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Speeches By EPA Administrator

 

American Heritage Rivers Event Middletown, Connecticut

09/08/1997
                Carol M. Browner, Administrator
             U.S. Environmental Protection Agency
                               
                Remarks Prepared for Delivery
                American Heritage Rivers Event
                   Middletown, Connecticut
                      September 8, 1997
                               


     Thank you, Congressman Gejdenson.  I am delighted to join you, Senators Dodd and
Lieberman, and Congresswomen Johnson and Kennelly, to talk about one of President Clinton's
important initiatives -- the American Heritage Rivers.
    Our rivers are an integral part of this nation's past, present and future.
    To understand this, all you have to do is look at any U.S. map showing only our major
cities and our major rivers.  No highways, no railroads -- just rivers.  By doing that, you can see
just how our nation developed -- how our rivers served as important routes for commerce,
exploration and migration -- and how they continue to provide important economic and
recreational opportunities for us all.
    Most importantly, healthy rivers are vital to the health of riverfront cities and towns -- the
health of their residents, and their economic health, as well.  
    Across the nation, Americans from all walks of life are recognizing not only the heritage
but the potential of the rivers that flow through their communities.  Despite the past quarter-century of progress in protecting public health and the environment, about 40% of the nation's

surveyed rivers, lakes and estuaries are too polluted for fishing and swimming.
    Many of our rivers are plagued by polluted runoff from urban, suburban and agricultural
lands.  Many communities are being held back by blighted riverfront areas or the existence of old,
abandoned industrial sites along their rivers.
    These are tough, tough challenges -- to be sure.
    But the President's American Heritage Rivers initiative is based on the notion that the
solutions to these problems will come from riverfront communities themselves -- from
businesspeople, farmers and landowners, elected officials, environmentalists and citizens -- all of
them joining together and looking for common ground -- with an eye toward protecting and
restoring their nearby rivers and riverfront neighborhoods.
    Once they do, we believe they will determine that a cleaner river -- and a renovated,
revitalized waterfront -- is in everyone's interest.  It means economic revitalization.  It means
jobs.  It means safer and healthier neighborhoods in which to live.  It means more and better

recreational opportunities.  It means a better overall quality of life.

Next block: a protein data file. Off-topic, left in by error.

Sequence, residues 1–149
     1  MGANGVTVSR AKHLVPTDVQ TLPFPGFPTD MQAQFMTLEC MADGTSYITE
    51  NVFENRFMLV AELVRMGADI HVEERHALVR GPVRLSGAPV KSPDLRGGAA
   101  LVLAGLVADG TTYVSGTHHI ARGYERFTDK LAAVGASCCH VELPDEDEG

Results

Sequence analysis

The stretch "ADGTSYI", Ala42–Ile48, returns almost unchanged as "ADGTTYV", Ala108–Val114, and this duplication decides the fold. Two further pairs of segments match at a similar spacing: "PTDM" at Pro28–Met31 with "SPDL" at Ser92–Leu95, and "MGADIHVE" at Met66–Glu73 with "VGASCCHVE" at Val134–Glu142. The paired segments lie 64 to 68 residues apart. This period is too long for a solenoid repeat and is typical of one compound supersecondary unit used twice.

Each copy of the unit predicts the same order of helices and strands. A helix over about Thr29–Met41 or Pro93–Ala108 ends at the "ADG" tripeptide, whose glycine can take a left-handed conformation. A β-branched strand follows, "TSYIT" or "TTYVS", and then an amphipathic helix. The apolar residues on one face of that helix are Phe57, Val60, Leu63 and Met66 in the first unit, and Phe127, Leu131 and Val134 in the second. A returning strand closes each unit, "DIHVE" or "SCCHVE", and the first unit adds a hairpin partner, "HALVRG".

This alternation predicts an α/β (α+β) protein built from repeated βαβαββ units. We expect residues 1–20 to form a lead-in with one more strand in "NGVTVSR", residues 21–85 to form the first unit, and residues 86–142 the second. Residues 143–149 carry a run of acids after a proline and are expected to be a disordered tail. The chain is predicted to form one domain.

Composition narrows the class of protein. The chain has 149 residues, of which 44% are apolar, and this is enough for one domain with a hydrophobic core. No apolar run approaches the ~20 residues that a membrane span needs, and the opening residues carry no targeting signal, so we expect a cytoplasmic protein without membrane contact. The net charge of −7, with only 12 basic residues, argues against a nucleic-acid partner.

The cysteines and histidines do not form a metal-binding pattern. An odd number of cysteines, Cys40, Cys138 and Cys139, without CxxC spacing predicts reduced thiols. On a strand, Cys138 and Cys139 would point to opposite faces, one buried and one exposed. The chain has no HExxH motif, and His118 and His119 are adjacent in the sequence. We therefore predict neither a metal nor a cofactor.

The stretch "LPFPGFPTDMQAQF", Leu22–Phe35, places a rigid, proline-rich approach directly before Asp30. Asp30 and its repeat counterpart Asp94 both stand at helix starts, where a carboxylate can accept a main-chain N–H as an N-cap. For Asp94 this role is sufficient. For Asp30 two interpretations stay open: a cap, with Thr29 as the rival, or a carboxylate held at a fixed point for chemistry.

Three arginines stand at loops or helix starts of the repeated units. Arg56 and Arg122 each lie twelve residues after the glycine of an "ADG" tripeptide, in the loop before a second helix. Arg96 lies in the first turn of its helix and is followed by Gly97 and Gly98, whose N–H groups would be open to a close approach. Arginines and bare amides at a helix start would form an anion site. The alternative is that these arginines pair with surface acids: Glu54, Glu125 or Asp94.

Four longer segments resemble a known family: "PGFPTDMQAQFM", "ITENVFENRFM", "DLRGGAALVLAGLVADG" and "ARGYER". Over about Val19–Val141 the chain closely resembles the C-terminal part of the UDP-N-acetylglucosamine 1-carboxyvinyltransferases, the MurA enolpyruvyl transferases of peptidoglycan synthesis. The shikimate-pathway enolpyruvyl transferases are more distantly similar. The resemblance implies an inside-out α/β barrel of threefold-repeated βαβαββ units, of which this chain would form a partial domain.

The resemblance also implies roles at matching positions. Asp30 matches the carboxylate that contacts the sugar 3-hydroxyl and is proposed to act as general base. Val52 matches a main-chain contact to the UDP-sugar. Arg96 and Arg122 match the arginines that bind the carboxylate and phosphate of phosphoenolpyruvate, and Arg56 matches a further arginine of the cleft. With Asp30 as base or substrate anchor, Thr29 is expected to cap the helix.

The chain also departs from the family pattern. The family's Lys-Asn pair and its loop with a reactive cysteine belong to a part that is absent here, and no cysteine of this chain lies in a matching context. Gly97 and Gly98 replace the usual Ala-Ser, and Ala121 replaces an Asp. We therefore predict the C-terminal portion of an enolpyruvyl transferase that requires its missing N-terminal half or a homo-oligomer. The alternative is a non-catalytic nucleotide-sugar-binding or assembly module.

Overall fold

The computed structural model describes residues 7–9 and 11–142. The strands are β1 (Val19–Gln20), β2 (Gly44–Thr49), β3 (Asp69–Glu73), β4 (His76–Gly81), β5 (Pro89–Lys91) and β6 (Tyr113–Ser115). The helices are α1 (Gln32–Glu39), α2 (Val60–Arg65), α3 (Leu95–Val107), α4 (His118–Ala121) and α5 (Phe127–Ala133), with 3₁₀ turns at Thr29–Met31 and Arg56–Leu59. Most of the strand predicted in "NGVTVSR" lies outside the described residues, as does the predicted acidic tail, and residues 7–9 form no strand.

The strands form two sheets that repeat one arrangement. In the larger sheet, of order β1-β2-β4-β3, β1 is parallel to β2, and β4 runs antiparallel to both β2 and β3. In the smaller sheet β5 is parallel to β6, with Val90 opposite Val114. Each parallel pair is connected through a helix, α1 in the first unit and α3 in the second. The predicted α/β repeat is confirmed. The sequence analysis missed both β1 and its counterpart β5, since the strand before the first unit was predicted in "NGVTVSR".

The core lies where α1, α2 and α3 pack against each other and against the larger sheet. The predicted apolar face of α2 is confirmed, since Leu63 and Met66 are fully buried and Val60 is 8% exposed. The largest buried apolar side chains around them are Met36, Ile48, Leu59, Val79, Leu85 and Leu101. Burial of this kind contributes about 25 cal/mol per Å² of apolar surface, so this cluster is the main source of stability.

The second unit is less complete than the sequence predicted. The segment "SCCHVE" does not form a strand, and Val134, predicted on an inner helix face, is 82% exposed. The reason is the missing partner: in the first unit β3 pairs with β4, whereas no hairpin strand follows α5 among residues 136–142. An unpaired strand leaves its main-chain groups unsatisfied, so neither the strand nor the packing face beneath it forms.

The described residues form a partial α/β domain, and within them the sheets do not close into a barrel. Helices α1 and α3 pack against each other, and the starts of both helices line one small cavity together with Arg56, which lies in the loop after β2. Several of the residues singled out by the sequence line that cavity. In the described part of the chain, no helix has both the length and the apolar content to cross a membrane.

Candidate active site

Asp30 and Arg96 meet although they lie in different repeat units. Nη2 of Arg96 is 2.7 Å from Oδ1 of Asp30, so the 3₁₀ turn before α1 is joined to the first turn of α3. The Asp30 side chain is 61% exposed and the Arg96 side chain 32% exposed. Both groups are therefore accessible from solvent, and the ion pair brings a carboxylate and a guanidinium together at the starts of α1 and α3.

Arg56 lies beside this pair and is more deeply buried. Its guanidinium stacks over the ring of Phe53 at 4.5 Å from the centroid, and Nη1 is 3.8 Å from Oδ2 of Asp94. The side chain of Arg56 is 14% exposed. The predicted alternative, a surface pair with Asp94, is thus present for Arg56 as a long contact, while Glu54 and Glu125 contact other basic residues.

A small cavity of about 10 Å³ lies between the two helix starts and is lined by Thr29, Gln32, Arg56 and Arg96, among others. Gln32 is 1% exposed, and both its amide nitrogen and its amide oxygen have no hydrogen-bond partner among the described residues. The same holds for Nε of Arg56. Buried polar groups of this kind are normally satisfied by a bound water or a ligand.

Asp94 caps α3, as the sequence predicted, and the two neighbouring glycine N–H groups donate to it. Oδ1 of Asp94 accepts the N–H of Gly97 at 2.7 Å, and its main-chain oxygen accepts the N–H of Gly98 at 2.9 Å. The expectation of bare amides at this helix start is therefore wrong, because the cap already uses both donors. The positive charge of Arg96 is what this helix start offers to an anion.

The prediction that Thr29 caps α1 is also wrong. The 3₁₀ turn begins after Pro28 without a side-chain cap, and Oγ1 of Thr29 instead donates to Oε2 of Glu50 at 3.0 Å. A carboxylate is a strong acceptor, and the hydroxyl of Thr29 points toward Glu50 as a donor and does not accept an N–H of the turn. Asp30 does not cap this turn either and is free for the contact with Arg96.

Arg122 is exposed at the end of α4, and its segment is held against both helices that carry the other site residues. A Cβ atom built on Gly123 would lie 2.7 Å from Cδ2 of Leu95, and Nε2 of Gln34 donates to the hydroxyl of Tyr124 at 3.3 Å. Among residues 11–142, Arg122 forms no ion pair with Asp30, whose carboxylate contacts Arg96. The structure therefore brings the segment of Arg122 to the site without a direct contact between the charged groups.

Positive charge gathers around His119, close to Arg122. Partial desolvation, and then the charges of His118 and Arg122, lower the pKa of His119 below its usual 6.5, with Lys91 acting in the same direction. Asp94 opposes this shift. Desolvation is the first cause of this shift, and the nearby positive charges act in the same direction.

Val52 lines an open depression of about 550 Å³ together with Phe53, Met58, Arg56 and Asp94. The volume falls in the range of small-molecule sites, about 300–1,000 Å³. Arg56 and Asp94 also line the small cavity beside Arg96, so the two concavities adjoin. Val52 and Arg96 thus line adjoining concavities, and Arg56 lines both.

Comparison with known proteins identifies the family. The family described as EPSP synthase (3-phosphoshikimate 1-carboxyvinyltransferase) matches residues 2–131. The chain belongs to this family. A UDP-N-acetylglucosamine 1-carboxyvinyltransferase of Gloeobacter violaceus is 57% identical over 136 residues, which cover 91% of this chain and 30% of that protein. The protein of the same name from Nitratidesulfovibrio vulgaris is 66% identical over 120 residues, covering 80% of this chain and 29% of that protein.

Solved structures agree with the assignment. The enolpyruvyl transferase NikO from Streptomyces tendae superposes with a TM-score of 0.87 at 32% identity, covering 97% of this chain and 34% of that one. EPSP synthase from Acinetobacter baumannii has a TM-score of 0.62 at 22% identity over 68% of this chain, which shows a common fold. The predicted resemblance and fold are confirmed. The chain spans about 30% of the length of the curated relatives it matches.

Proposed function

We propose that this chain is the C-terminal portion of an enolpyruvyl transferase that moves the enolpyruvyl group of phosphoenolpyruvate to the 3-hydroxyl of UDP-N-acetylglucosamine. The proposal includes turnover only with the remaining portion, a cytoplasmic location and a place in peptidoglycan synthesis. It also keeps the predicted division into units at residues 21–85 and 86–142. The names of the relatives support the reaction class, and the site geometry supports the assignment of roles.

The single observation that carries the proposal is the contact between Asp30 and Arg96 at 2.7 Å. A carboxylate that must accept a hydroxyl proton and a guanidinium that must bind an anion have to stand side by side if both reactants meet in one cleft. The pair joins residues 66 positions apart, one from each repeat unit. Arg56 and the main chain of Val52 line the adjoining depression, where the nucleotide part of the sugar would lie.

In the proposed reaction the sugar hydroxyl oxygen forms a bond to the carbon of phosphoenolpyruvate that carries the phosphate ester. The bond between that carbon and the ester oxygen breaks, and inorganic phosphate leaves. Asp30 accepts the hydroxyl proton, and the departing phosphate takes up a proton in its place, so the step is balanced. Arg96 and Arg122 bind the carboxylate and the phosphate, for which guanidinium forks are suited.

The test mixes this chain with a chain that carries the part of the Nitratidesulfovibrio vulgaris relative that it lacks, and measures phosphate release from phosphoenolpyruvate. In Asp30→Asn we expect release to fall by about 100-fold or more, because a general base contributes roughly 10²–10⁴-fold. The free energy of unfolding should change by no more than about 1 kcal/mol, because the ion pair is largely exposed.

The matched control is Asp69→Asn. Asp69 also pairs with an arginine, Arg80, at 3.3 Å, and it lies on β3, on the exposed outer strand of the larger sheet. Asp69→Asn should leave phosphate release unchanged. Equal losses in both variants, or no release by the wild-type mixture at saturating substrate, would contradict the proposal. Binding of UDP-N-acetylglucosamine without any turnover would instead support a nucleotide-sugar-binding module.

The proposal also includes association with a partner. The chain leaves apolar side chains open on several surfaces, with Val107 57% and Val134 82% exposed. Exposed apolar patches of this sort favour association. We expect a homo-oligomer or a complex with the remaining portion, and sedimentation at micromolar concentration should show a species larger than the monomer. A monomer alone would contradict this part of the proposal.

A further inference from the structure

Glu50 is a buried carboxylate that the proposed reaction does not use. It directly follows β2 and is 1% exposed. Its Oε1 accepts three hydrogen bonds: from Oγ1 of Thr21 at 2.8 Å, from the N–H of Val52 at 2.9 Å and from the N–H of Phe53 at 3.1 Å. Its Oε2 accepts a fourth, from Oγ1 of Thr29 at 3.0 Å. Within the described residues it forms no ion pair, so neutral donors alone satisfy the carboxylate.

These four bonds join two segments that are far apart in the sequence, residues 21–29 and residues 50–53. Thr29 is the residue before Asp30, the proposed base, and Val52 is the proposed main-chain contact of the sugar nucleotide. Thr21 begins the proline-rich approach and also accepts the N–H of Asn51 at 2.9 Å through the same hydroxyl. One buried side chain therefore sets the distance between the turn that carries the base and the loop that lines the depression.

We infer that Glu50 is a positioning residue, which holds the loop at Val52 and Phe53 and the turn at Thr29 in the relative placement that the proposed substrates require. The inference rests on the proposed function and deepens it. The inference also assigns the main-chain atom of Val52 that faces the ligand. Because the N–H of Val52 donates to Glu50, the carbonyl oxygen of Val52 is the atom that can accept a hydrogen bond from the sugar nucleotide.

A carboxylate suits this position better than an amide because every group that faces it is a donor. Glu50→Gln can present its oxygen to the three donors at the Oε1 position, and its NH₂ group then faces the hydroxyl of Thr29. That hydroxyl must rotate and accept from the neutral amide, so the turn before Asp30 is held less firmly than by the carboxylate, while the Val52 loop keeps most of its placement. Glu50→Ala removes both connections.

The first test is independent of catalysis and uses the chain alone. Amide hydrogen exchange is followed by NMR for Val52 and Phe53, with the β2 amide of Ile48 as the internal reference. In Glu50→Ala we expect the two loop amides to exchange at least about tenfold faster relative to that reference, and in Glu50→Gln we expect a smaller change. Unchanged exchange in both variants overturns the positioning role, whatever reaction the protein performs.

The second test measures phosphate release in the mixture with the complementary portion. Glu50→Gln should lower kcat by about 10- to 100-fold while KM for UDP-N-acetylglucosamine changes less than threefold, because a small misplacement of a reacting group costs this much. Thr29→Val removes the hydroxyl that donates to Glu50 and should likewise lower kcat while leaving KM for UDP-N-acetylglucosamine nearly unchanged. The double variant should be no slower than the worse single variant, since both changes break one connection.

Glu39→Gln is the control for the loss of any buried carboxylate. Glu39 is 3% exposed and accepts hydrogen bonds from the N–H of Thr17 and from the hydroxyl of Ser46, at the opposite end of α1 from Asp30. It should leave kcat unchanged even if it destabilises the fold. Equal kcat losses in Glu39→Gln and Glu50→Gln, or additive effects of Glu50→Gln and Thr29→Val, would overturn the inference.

This is actually happening right here along the Connecticut River.  People are recognizing
how important this river is to the quality of life in this state.  They are envisioning a new future for
their riverfront communities, and are forming partnerships to pursue their vision.
    I'm talking about partnership-building efforts such as those of the Connecticut River
Watershed Council.  Or the innovative efforts of a group called Riverfront Recapture -- which has
been working for the past ten years to forge a coalition of people who recognize that Hartford's
economic revitalization is closely linked with the health of the Connecticut River.  There's also
Connecticut River Partners and River Stewards, a group that is working to restore the river's
ecosystem.
    And, right here in Middletown, participants Mattabesset River Watershed Initiative are
working to improve the health of this important tributary to the Connecticut River.
    These are the kinds of activities that the American Heritage Rivers initiative is designed to

encourage.
    We want to harness this local enthusiasm.  We want to tap into the energy of local efforts.
And we want to spur the creation of community partnerships that will work to enhance economic
development, environmental protection and historic preservation along the nation's great rivers.
    Here's how the initiative works:
    Beginning next year, after receiving nominations from communities that want to be
designated, the President will name ten rivers as American Heritage Rivers.
    Community-based partnerships to protect and improve those rivers will receive some
federal assistance in identifying historic, environmental and economic resources -- and for
environmental monitoring and educational purposes.  They'll also see better coordination among
existing programs designed to help them reach their goals.
    But, most importantly, these partnerships will become showcases for the nation -- and
models of how economic, environmental and historic preservation goals can be met
simultaneously.  This initiative is simply a mechanism to give visibility to a few excellent examples

of collaborative, community-led efforts and to learn how federal agencies can best support these
kinds of efforts everywhere.  
    We think the American Heritage Rivers initiative is going to go a long way toward helping
communities across the country learn what works best when it comes to restoring and improving
the water quality of their rivers and their waterfront areas.
    That's why we're excited about it.  That's why I'm delighted to see so much enthusiasm
about it here in Connecticut.  And that's why I'm glad to see that you're working so hard to
ensure that the Connecticut River becomes one of the American Heritage Rivers.
    I can't make any promises, mind you.  But it looks to me like you are off to a great start.
    Again, let me thank your Senators and Congressmen for their support of this important
initiative.  I look forward to working with all of you in the months ahead.  Thank you and good
luck.